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Learning communities at Purdue are one of a number of programs created by the Purdue University Lilly Endowment Retention Initiatives; a 5-year, $5 million grant awarded in 1997 funded efforts that improved student learning and, as a by-product, retention. Purdue’s coordinated Learning Community effort is currently housed under the Office of the Provost.

Alexander Astin (1975), a noted scholar and director of the Higher Education Research Institute at UCLA, defines community as a small subgroup of students with a common sense of purpose. Vincent Tinto (1975, 1993) has spent a great deal of time looking at communities of students in an effort to understand why students choose to continue with or leave college. Tinto has also examined the impact of intentional academic and social experiences on students’ college experiences. Using Astin’s and Tinto’s ideas to help define the effort, Purdue University’s Learning Communities focus on the development of a community led by faculty with a foundation and focus in academics. First launched during the Fall Semester of 1999 with 46 enrolled students, the program now serves over 1700 students in the Fall 2011 semester.

Generally, first-year students, grouped into cohorts of 20-30 who share similar majors or interests, take two to three classes together. In some cases, students also have the opportunity to live with other students in their Learning Community. In several cases, however, students only have the opportunity to live with one another. The Lyceum, Pre-Pharmacy, Earhart Residential Program sponsored by Women in Engineering, and Women In Science have no courses related to the community. The “Women In” programs (Earhart Residential Program sponsored by Women in Engineering, Women in Science, and Women in Technology) provide structures for male and female students interested in the success of women in these fields to share common living experiences. Since there are no courses associated with these Learning Communities, students may opt to partake in a second LC that piques their interest. An exception to this general rule is the Women in Technology program, which has one course associated with the Learning Community; however, students may still be eligible to participate in another LC. Students in all Learning Communities also participate in faculty and/or staff led out-of-class activities designed to enhance their experiences and understanding of course/major related knowledge. This cohesive in-class and out-of-class experience helps enhance learning and ease the transition from high school to college.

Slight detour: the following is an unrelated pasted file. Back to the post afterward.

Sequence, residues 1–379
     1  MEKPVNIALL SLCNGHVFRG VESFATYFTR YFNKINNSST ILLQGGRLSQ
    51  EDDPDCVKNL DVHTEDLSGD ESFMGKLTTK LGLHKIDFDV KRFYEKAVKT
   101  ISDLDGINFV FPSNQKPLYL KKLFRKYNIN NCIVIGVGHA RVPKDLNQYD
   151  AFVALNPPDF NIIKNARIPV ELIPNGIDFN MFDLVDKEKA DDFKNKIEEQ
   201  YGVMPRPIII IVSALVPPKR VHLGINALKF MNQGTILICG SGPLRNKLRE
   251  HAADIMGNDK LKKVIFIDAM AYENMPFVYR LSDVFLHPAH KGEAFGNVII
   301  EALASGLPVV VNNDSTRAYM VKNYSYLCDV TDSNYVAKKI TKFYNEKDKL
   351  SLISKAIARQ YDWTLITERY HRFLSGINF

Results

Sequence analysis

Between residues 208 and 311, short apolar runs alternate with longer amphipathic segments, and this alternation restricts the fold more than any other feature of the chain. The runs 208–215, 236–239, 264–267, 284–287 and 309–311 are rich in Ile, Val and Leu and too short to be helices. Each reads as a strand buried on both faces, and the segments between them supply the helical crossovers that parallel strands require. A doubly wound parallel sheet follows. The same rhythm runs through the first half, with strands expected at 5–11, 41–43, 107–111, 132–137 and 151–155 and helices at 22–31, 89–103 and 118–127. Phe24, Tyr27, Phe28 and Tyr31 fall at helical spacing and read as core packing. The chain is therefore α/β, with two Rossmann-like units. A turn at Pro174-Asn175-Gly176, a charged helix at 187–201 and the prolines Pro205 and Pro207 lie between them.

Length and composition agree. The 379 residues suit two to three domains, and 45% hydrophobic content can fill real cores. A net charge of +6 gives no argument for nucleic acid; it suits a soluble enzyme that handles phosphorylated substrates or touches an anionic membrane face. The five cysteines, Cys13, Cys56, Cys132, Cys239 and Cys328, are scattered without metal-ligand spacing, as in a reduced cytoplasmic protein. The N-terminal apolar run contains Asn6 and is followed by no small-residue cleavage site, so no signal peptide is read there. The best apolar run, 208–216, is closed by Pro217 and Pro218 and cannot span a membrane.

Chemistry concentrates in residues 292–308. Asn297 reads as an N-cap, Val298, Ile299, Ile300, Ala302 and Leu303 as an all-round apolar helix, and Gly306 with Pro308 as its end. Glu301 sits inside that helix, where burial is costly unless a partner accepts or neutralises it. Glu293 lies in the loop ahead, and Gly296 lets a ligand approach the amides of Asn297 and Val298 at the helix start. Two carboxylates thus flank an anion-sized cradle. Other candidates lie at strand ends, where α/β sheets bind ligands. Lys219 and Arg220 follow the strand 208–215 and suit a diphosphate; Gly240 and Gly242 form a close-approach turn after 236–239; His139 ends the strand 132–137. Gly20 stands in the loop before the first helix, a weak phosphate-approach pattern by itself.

According to Jodi Levine, a nationally recognized educational researcher and scholar, participation in learning communities provides students and faculty with many benefits. In particular, Levine (1999) asserts that learning communities:

  • Improve student learning and retention;
  • Provide opportunities to integrate coursework in an interdisciplinary manner;
  • Help students form academically-based social networks among peers;
  • Increase student involvement in learning and college life;
  • Provide opportunities for faculty-student interaction;
  • Create the possibility for faculty-to-faculty interaction and collaboration that lead to faculty development.

Research findings obtained from surveys administered to Purdue’s Learning Communities students revealed that our program is having results comparable to those mentioned by Levine. In particular, examination of the retention rates for Learning Communities participants and non-participants shows that students who take part in the program are retained at higher rates than comparable non-participants, and also graduate at higher and faster rates than non-participants.


Astin, A. W. (1975). Preventing students from dropping out. San Francisco: Jossey-Bass.

Levine, J. H. (Ed.). (1999). Learning communities: New structures, new partnerships for learning (Monograph No. 26). Columbia, SC: University of South Carolina, National Resource Center for The First-Year Experience and Students in Transition.

Learning Communities  HILL 1301 3rd Street, West Lafayette, IN 47906 - (765) 494-2020,

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